3M has received over 5 million euros in Flemish grant

3M has received over 5 million euros in Flemish grant

According to Mieke Schauvliege, 3M has received a grant of 13 5.13 million since 2013. “Of this amount, 2 million comes from the Flemish Climate Fund (Vlaams Klimaatfonds),” he explains. With this Flemish support, MEP Crohn says it has also received 3M federal assistance. These are related to tax cuts to promote research and development. One condition for obtaining this assistance is to obtain a certificate from the Flemish Department of the Environment (Department of Omkewing), which clearly states that “new products and new technologies do not have any negative impact on the environment or are defined as much as possible.”

“I would be surprised if you know that this company pays an absurd amount to clean up the polluted soil itself,” criticizes the environmental activist. Schauvliege considers it a slander that a company like 3M, with a turnover of மில்லியன் 300 million and a profit of மில்லியன் 17 million, is going “through the grant pot”. “The big polluters should immediately stop getting taxpayers’ money so easily,” the MP said. He would like to ask Economic Flemish Minister Hilde Krevitz about this Flemish support for 3M. “When Flemish ministers tap big pollutants like 3M, one wonders if the government knows what it is doing.”

In the Flemish Opposition, Deputy Hannes Anaf (Vroit) believes that “subsidies to 3M” once again demonstrate that the Flemish government wants to take care of companies rather than its citizens. In addition to the subsidies provided to promote energy conversion, they are generally emission rights to be paid. This is without any transparency or conditions. As for 3M, Flemish pays twice because they have been releasing chemicals for years, polluting our water and our soil and causing irreversible damage to our health.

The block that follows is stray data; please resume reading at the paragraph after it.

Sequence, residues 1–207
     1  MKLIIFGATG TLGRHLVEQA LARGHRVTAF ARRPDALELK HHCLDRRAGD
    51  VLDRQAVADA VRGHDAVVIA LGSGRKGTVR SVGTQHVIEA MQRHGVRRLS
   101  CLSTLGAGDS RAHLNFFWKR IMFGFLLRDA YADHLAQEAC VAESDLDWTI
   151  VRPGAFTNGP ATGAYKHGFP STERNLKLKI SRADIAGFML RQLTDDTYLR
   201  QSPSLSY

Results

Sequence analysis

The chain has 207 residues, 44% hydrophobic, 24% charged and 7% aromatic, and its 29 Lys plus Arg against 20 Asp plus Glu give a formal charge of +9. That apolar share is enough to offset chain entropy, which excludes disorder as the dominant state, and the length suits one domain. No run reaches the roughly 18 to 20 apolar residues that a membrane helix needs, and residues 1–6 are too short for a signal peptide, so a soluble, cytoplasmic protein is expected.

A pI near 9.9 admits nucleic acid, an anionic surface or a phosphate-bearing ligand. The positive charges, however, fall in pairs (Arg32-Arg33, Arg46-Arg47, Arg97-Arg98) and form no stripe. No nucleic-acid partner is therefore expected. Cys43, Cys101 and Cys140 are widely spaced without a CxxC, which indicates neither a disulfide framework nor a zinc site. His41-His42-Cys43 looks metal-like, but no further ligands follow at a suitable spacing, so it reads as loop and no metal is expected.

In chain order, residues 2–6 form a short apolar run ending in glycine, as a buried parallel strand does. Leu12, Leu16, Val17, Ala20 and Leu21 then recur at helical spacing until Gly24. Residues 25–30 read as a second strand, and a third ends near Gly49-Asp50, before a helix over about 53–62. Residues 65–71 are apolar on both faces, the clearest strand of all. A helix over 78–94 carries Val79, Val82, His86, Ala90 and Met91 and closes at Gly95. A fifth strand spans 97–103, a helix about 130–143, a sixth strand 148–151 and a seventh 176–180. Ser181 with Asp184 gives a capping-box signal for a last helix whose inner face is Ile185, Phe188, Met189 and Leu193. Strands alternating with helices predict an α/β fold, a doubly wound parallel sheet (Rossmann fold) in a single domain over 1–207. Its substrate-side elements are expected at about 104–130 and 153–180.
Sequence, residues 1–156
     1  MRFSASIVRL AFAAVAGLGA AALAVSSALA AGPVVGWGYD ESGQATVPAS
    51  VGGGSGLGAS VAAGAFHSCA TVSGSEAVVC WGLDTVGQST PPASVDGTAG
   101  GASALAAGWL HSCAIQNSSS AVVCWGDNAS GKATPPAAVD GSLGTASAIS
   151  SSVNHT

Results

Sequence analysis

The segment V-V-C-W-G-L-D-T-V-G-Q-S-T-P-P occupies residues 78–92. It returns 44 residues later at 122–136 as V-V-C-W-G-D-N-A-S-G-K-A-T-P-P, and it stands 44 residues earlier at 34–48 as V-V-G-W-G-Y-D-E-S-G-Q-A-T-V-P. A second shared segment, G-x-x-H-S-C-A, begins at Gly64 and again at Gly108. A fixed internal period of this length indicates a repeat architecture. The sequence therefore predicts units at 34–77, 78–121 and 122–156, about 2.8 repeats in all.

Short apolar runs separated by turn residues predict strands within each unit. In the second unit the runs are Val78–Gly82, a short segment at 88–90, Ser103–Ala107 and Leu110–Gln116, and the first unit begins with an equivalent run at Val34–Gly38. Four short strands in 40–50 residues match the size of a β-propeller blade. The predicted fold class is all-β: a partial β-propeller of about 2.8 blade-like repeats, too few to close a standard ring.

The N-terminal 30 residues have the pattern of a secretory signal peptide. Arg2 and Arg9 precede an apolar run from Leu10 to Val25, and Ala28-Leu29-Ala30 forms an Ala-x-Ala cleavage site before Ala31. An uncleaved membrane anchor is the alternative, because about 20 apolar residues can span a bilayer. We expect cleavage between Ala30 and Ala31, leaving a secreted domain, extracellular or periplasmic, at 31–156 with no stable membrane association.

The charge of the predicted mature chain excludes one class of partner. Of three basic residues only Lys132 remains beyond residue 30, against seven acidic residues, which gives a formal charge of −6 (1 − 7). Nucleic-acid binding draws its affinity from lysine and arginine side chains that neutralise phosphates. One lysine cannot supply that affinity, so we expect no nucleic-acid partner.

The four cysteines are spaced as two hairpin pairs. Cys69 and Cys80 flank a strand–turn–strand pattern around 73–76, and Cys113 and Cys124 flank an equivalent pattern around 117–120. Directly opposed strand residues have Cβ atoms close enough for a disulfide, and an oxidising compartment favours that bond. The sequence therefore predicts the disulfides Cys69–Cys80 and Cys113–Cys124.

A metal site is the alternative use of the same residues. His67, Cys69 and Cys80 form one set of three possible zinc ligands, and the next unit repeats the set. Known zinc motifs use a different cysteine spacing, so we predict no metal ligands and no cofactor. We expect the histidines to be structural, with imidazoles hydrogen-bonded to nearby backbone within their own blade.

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About the Author: Cory Weinberg

Cory Weinberg covers the intersection of tech and cities. That means digging into how startups and big tech companies are trying to reshape real estate, transportation, urban planning, and travel. Previously, he reported on Bay Area housing and commercial real estate for the San Francisco Business Times. He received a "best young journalist" award from the National Association of Real Estate Editors.

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